Israel reported a new border clash with Hezbollah at the same time as Prime Minister Benjamin Netanyahu’s government is increasing its attacks in Syria. In the broader picture, the Iranian-backed group could be an outlet for the Middle East to channel its discontent with an emboldened Israel that has its sights set on claiming land belonging to Palestinians.

Small Border Incursion Reignites Flames of War

Three to five Hezbollah fighters reportedly crossed over the Israeli border July 27 “by a few metres,” according to CNN. The transgression prompted the Israeli military to fire upon them in a successful repulsion.

“We spotted them as they moved close to the Blue Line, monitored them and tracked them,” said Israel Defense Forces (IDF) spokesman Lt. Col. James Conricus. “Shortly after they crossed the Blue Line, we engaged and were able to thwart the attack. We confirmed visually that the terrorists fled back to Lebanon.”

Hezbollah denied the event took place and claimed Israel struck a civilian home with airstrikes in al-Habaria, Lebanon.

“The Islamic Resistance affirms that there has been no clash or shooting from its part in the events of the day until now. Rather, it was only one party, which was the fearful, anxious and tense enemy,” the group said in a statement.

Israeli airstrikes on Hezbollah targets in the region would not be unprecedented. It was such a strike near Damascus that Israel blames for the border incident. The Israel attack the week prior killed a Hezbollah militant and the group was keen to seek revenge.

Hezbollah Secretary General Hassan Nasrallah had promised retribution, but it maintains the failed border incursion was not that; proper payback for the killing of its member “is definitely coming.”

Mostly Words — For Now

For now, the two sides have mostly let the border incident devolve into a war of words, Foreign Policy reported. 

“Everything claimed by the Israeli media and the IDF about a Hezbollah infiltration … is an attempt to invent false Israeli victories, Hezbollah stated. Meanwhile, Israel said the group was “playing with fire.”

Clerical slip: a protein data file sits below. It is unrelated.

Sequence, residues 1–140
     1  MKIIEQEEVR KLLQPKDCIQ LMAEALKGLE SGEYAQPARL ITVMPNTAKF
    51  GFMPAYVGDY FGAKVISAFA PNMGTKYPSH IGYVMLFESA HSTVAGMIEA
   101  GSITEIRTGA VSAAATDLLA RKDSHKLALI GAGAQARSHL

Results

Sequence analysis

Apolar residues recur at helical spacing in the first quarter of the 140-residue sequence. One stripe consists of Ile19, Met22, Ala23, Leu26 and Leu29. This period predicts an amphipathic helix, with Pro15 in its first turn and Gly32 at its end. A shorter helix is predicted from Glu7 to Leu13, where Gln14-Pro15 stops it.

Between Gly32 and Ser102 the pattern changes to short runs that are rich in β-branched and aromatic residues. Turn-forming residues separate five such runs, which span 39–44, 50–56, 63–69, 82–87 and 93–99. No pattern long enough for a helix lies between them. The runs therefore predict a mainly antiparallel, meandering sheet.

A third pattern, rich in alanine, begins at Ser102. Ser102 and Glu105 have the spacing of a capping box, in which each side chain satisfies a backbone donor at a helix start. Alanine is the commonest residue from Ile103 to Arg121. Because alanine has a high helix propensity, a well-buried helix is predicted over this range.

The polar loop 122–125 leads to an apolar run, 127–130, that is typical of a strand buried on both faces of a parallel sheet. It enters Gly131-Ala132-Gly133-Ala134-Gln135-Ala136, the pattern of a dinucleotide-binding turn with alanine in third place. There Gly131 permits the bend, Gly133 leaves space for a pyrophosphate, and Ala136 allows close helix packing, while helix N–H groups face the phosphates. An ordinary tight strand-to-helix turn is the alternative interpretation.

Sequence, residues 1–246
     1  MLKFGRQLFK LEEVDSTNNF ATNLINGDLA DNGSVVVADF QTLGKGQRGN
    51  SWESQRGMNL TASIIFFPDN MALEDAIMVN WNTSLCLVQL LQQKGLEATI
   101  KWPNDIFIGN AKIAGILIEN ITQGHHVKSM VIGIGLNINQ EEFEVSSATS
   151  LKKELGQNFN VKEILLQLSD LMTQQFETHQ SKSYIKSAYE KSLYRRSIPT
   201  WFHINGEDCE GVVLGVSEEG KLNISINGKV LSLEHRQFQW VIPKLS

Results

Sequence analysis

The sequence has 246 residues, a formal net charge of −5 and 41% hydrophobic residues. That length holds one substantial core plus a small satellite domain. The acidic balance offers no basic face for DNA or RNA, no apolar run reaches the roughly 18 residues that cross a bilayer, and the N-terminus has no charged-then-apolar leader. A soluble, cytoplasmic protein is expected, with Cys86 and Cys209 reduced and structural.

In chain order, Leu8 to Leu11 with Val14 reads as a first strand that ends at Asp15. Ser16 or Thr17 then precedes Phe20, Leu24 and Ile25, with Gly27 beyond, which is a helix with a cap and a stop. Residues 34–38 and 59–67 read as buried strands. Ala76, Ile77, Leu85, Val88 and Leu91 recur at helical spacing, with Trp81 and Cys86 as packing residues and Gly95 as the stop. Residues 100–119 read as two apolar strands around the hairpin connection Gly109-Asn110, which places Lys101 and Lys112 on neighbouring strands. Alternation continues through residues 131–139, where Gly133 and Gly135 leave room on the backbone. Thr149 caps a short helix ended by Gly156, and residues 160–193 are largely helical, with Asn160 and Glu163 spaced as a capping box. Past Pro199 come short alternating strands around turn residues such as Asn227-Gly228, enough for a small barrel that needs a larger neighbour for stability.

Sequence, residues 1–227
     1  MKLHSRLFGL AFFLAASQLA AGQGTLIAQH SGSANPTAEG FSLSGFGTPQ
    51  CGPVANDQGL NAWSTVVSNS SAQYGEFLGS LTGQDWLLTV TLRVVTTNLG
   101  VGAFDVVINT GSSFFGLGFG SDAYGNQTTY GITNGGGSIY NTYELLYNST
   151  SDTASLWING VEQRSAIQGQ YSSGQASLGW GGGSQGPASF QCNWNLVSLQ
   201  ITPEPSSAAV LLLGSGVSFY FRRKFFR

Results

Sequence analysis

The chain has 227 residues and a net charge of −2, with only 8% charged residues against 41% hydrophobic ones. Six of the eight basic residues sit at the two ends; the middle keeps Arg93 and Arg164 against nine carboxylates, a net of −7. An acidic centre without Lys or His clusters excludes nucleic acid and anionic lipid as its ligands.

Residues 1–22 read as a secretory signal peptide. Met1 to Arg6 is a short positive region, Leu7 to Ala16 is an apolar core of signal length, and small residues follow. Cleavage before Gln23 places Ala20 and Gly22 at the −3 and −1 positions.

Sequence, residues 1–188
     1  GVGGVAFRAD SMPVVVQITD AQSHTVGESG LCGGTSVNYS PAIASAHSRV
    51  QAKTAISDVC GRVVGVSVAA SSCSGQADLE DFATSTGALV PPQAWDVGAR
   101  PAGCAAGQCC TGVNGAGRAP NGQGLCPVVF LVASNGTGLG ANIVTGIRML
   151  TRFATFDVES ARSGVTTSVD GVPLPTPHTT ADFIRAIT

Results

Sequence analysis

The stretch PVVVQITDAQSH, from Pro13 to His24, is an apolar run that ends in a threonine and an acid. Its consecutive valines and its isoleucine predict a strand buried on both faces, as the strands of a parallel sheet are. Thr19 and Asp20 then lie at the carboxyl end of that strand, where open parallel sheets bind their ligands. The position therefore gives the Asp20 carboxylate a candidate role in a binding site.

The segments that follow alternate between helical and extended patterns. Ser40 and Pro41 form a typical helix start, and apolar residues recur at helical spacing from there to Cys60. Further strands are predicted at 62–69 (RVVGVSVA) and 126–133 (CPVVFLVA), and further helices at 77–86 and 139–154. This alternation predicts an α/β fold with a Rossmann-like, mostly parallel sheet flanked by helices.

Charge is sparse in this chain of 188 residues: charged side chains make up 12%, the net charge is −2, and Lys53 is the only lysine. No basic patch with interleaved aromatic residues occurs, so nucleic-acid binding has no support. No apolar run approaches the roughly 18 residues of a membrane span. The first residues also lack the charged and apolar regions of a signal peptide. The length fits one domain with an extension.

Hezbollah certainly has motivation enough for reemerging to terrorize Israel. The attack on its fighter in Syria broke a long-standing, informal agreement between the two factions to not attack one another, The New York Times reported. Israel, clearly the aggressor by killing a Hezbollah fighter in Syria, may have poked a sleeping bear. 

In September 2019, the group claimed a rocket attack across the border struck Israeli targets. The action was seen as retaliation for continued Israeli airstrikes in Lebanon, which drastically increased in 2019.

Hezbollah has reason enough to strike back against Israel for its continued, often unprovoked aggressions in the region. However, the group said it wishes to maintain the gentleman’s agreement between both sides. 

“The deterrence equation with Israel is standing,” said Hezbollah Deputy Secretary Naim Qassem. “Amending or changing the rules of engagement or the deterrence equation are not on our agenda.”

Militias Could Respond to Annexation

Hezbollah could play a role in resisting Israeli annexation of the West Bank, giving it a new cause to rally the troops. Some Arab states have condemned Netanyahu’s plan, but few expect a traditional war to play out to prevent it from transpiring. Proxy attacks by terrorist groups such as Hezbollah and Hamas are far more likely to convey the Muslim world’s discontent.

Iran, Israel’s popular archenemy, conveniently funds and backs both groups on the Israeli border, Newsweek reported. The have already established communication on the annexation plan and appear willing to coordinate against Israel.

Hamas Political Chief Ismail Haniyeh wrote to Nasrallah warning oof the “grave dangers” of Netanyahu’s plan. He asked the Hezbollah leader to organise a response, a request that came after Iranian Supreme Leader Ayatollah Ali Khamenei said the regime would back efforts to “eliminate the evil threat posed by the fraudulent, usurping Zionist regime.”

Netanyahu’s Ace in the Hole

It is also possible, however, that the border incursion on July 27 was not a result of Hezbollah’s plan of action for countering either the killing of their militant in Syria or Netanyahu’s annexation plan. Instead, the entire incident could have been designed by Netanyahu to shore up his waning support among Israeli’s.

The prime minister is facing a corruption trial, demonstrations demanding his resignation, and a dispute between his coalition government over the national budget, Foreign Policy reported. By playing up the border crisis, Netanyahu could compel voters to recall his one undeniable strength: his fierce stance on national security.

As the prospect of another election looms in 2021, Netanyahu must question whether his favorable luck will run out. He barely managed to survive the most recent election by forming a coalition government between Likud and the Blue and White party. Israelis are growing tired of Netanyahu, particularly as COVID-19 sweeps the nation again. Israelis are growing restless from election after election and voters have shown they’re willing to let Netanyahu go. 

If he calls for another election next year in a bid to stop rival coalition leader Benny Gantz from taking control, Netanyahu will need more cards to play. A renewed military confrontation with Hezbollah may be just the ace in the hole to make right-leaning Israeli voters fall back in love with Netanyahu.

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